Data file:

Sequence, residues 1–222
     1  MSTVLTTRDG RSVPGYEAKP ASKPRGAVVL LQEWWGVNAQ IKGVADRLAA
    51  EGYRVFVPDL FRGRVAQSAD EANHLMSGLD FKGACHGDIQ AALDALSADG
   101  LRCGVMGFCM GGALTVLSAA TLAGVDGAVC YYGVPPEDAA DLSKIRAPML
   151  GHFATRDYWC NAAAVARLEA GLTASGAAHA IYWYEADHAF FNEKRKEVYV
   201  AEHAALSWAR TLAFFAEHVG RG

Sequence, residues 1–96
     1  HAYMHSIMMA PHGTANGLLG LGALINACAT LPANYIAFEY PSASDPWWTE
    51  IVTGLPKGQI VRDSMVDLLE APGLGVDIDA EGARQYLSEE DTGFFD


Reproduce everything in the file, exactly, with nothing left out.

Sequence, residues 1–222
     1  MSTVLTTRDG RSVPGYEAKP ASKPRGAVVL LQEWWGVNAQ IKGVADRLAA
    51  EGYRVFVPDL FRGRVAQSAD EANHLMSGLD FKGACHGDIQ AALDALSADG
   101  LRCGVMGFCM GGALTVLSAA TLAGVDGAVC YYGVPPEDAA DLSKIRAPML
   151  GHFATRDYWC NAAAVARLEA GLTASGAAHA IYWYEADHAF FNEKRKEVYV
   201  AEHAALSWAR TLAFFAEHVG RG

Sequence, residues 1–96
     1  HAYMHSIMMA PHGTANGLLG LGALINACAT LPANYIAFEY PSASDPWWTE
    51  IVTGLPKGQI VRDSMVDLLE APGLGVDIDA EGARQYLSEE DTGFFD